Tuesday, February 15, 2011

CiM Glass Testing: 497 Appletini and 500 Azure

I was so excited when I opened the package containing several new CiM colors ready for testing last week.....the brightness and saturation of CiM's new color selection is refreshing in this cold weather!

The first two colors I am going to review for you are two of the best in the group - Appletini and Azure.  I'll do Appletini first.

497 Appletini is pretty much what it sounds like - a light transparent apple green, crisp and springy. This shade falls somewhere between Effetre Pale Emerald and Effetre Yellow Green.  It fits nicely into the 104 coe palette - not an exact replica of anything, but close enough to substitute if you desire.

The main difference between CiM Appletini and its Effetre counterparts is that CiM's glass tends to be less scummy, clearer and a little stiffer.  This shade isn't as stiff as some CiM's transparents can be, so it was great for layering and encasing.

When I used it in these sets, I layered it over CiM Elphaba for a vivid spring green which turned out really lovely.  I did notice that it will bubble if you get it too hot, especially from the end of a stringer, so be careful with that.

Appletini doesn't have any reactive or striking elements that I could discern - it's a stable and consistent transparent color.  Not much in the way of spreading or bleeding - it stayed put on every bead I used it on.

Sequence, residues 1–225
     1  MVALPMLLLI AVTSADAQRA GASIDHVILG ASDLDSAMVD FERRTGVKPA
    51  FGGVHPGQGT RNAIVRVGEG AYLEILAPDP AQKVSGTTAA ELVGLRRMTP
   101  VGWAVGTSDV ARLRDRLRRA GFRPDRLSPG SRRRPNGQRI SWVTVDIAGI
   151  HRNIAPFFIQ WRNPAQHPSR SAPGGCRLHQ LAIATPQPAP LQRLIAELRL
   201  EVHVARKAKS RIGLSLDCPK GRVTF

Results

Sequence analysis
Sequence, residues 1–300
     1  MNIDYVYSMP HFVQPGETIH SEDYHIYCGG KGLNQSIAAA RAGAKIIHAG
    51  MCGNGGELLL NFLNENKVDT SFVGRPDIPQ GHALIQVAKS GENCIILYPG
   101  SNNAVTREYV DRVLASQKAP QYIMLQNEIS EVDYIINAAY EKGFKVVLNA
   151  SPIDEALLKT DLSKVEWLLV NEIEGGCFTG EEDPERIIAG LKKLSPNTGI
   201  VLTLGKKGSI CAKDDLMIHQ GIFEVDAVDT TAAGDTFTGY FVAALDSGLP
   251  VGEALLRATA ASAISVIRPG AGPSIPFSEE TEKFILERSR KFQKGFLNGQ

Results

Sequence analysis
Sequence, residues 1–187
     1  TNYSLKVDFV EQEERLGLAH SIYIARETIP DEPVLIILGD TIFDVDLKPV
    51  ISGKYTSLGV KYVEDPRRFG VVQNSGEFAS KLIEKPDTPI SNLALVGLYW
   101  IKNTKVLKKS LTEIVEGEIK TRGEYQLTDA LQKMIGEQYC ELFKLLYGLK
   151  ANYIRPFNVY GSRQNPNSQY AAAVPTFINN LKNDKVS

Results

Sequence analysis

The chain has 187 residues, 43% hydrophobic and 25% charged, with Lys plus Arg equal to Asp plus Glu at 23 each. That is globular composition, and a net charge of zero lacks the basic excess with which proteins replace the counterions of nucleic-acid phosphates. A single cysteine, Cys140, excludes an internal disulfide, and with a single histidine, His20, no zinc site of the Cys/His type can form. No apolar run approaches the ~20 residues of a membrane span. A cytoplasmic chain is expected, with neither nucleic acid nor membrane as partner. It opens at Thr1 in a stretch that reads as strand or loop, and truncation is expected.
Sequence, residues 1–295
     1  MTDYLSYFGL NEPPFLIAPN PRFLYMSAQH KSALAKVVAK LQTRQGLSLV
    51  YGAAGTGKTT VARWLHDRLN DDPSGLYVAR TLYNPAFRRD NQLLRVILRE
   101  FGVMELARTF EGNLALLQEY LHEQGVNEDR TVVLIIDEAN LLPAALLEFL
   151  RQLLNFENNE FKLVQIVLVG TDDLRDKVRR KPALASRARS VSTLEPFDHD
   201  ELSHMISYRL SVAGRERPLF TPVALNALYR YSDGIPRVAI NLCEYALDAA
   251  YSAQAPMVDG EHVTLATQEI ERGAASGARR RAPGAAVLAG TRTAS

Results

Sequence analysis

CiM Azure is quite a different animal.  It's a super-saturated deep aqua shade that is darker and bluer than Effetre's Dark Aqua.  Its saturation reminds me of Effetre Intense Blue.

I have to tell you that images of this color might not do it justice.  What sometimes happens with saturated glass is that it can appear washed out in photos - at least with my camera.  I'm not sure of the technical aspects as to why, but it happens with most deep transparent colors - especially in the blue/aqua/teal lines.

In reality, Azure is so deep that I ended up encasing this spacer in clear to bring out the color.  And in the bead sets pictured, the azure is actually a lot more vivid and saturated than you might be able to see on your monitor.  The closest comparison I can come up with is that of Swarovski Capri Blue crystal beads, which are a near perfect match.

This bluer version of aqua isn't present anywhere else in the 104 palette, making it a really welcome addition, in my opinion.  When I pair it with Appletini/Elphaba, it just pops.  I can't help but think of summertime when I look at these colors together.  It makes me want to try on swimwear - and believe me when I say, that is totally not in my character!
The consistency of Azure is a bit stiffer than Appletini, but really clear and sparkling.  It doesn't bubble nearly as much as Effetre aquas tend to - it melts like butter.  It does need a slightly hotter flame, which makes layering a bit tricky when your opaque color isn't very stiff.  In these sets, the Azure is layered over Effetre Sky Blue, which is a soft opaque, so the Azure didn't spread out as much as I expected.  It still turned out pretty when the Sky Blue outlines appeared on many of the layers.

As with Appletini, for Azure I didn't notice any reactive or striking properties - just basic, stable color. 
I am really happy with these new colors so far - and CiM's website says that they will be available this March. Yey!